Fitbit Charge 3 Review & Rating
The Fitbit Charge 2 has been one of our most highly recommended fitness trackers for two years now. With the $149.95 Charge 3, Fitbit takes a good thing and makes it even better. Thanks to a sharper screen, longer battery life, new sensors, a swim-safe build, and more informative phone notifications, the Charge 3 features just enough changes to remain the best everyday fitness tracker for casual users. That makes it our Editors’ Choice, and one of the top wearables for keeping tabs on your health and activity.
Bigger Screen, Better Battery
With the Charge 3, Fitbit hasn’t changed the design of the Charge 2 so much as tweaked it. The monochrome OLED
The body of the tracker is made of aluminum and features a recessed button on the left. It’s a slight indentation that replaces the protruding button on the Charge 2 for a more streamlined look. I found it just as easy to use, especially since it gently vibrates with haptic feedback when you press it.
The Charge 3 features interchangeable straps, so you can dress it up or down for formal or casual occasions. For color options, the tracker comes with a black silicone strap paired with a graphite body, or a blue/gray silicone strap with a rose gold body. A Special Edition version costs $20 more and features NFC for use with Fitbit Pay; it comes in a rose gold body with a lavender woven band, or a graphite body with a white perforated sport band. Fitbit offers additional straps in materials ranging from silicone to leather in prices from $29.95 to $49.95.
The larger display makes for a change in interface that feels a little like navigating around a smartwatch. From the main screen, you can swipe up to get a view of your daily stats. Swipe left and you can scroll through the app menu, which shows two apps, stacked vertically, per screen. Swipe down to scroll through your notifications. A short press on the left button brings you back to the previous screen, while a long press brings up a shortcut menu to adjust screen and notification settings.
In testing, I found the screen’s touch sensitivity to be slightly less than perfect. It sometimes failed to register swipes, or registered them incorrectly, bringing up my apps instead of my daily feed. This is an issue we’ve seen with other OLED touch screens, like on the Garmin Vivosmart 4.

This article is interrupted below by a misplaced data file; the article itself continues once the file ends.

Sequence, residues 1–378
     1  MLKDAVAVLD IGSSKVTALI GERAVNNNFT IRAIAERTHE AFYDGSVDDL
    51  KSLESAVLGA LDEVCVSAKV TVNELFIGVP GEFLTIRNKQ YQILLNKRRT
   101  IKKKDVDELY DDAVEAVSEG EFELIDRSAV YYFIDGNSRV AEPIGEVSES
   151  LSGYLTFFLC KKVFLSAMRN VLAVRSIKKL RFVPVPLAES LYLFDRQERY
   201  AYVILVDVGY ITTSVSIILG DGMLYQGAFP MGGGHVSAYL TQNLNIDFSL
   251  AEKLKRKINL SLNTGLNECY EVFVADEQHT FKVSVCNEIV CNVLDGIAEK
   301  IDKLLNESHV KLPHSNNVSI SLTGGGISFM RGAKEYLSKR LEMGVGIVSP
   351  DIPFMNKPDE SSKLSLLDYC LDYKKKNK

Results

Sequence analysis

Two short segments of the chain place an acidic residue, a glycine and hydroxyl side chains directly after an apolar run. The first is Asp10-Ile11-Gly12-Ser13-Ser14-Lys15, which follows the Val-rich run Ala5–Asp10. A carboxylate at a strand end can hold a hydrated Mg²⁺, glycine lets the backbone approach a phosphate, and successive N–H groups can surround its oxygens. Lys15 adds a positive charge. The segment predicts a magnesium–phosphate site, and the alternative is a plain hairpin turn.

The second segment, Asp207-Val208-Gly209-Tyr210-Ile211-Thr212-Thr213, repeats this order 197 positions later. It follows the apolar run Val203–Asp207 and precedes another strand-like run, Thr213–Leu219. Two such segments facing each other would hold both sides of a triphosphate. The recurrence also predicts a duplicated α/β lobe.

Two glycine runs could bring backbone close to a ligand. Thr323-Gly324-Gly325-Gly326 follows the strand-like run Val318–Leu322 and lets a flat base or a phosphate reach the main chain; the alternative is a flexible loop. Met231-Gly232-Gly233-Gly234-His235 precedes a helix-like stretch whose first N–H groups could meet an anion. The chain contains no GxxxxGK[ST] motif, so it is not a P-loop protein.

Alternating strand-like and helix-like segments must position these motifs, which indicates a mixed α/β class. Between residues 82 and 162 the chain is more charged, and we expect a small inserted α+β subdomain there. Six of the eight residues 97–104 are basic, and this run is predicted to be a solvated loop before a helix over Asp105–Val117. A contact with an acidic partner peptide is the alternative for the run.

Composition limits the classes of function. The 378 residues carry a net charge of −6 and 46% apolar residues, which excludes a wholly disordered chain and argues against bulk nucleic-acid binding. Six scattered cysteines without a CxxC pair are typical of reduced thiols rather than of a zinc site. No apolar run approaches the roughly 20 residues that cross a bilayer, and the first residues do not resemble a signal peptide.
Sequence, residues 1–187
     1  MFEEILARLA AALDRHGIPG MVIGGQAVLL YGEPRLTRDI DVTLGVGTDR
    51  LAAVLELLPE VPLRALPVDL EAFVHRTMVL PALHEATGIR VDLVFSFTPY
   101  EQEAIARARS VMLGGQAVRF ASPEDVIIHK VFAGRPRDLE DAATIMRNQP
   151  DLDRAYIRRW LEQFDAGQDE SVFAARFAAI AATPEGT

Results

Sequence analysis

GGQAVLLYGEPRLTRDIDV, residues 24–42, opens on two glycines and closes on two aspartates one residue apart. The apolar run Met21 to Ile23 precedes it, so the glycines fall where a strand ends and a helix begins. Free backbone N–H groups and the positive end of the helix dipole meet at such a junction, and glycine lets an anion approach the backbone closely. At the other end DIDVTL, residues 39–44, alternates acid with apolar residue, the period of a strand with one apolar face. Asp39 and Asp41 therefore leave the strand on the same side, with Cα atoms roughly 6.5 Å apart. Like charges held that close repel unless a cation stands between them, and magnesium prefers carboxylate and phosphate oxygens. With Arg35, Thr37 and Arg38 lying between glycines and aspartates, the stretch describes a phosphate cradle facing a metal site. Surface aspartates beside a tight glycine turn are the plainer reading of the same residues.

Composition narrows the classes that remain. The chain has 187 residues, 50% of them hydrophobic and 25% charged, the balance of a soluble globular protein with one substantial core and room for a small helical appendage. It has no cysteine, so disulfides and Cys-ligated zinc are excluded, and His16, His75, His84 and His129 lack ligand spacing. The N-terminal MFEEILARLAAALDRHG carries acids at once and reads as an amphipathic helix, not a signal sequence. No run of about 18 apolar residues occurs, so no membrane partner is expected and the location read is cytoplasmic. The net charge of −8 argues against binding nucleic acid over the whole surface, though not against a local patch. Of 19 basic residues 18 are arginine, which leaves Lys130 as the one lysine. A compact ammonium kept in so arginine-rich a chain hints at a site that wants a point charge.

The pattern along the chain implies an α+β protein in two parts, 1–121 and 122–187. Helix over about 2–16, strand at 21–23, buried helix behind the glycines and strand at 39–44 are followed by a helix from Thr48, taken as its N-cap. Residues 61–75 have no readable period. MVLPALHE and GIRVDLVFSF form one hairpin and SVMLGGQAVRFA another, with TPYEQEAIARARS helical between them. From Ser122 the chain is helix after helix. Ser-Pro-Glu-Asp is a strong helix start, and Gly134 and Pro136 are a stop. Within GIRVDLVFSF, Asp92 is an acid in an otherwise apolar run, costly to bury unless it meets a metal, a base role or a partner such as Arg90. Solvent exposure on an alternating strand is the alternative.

On the plus side, the Charge 3 packs a bigger battery, with an estimated seven days of use on a single charge. Ultimately, battery life will depend on your usage, but I’ve been wearing it for nearly a week and still have an impressive 35 percent battery left. One disappointment is that Fitbit still uses a proprietary charger, so you’ll have to shell out for a new one if you lose or break the one in the box.
Rounding out the upgrades, the Charge 3 is more water resistant than its predecessor (up to 50 meters). You can safely wear it in the shower or the pool and use it to track your laps.
Going for a Test Run
Inside, the Charge 3 packs the same sensors for monitoring your activity as the Charge 2, with an improved heart rate monitor and the notable addition of
When it comes to accuracy, the Charge 3 delivered solid performance in testing. On a one-mile treadmill walk at 3.5 miles per hour, it logged 2,036 steps to a Yamax SW-200 Digi-Walker’s 2,095 steps, for a difference of 2.8 percent. On a one-mile run at 5.0 miles per hour, it recorded 1,915 steps to the
When it comes to indoor distance tracking, the Charge 3 isn’t quite as strong, logging 0.78-mile on my walk and 0.94-mile on my run. It doesn’t have GPS, so this isn’t terribly surprising. If you plan to run outdoors, you can connect your phone for more accurate readings.
Heart rate monitoring is solid. In both controlled treadmill tests, the Charge 3 reported results within five beats per minute of the Polar H10 chest strap.
Fitbit’s app remains one of our favorite fitness apps, and it’s better than ever thanks to
Fitness Tracking for Everyone
Fitbit has been getting into the smartwatch game in a major way lately with the Ionic and the Versa, both of which include features like color displays, app stores, and more advanced integration with your smartphone. Along with the Apple Watch Series 4, they’re great options if you’re looking for lots of apps or to track phone-free runs, but they’re also bulkier, more expensive, and have shorter battery life. There’s still a place for dedicated fitness trackers, and they don’t get much better than the Fitbit Charge 3. Sure, it isn’t perfect, but it’s a comfortable wearable that tracks the stats most people want and you don’t have to charge it often. Fitbit’s app is excellent, and updates to the Charge 3’s screen, sensors, and build quality make it an even better buy than its excellent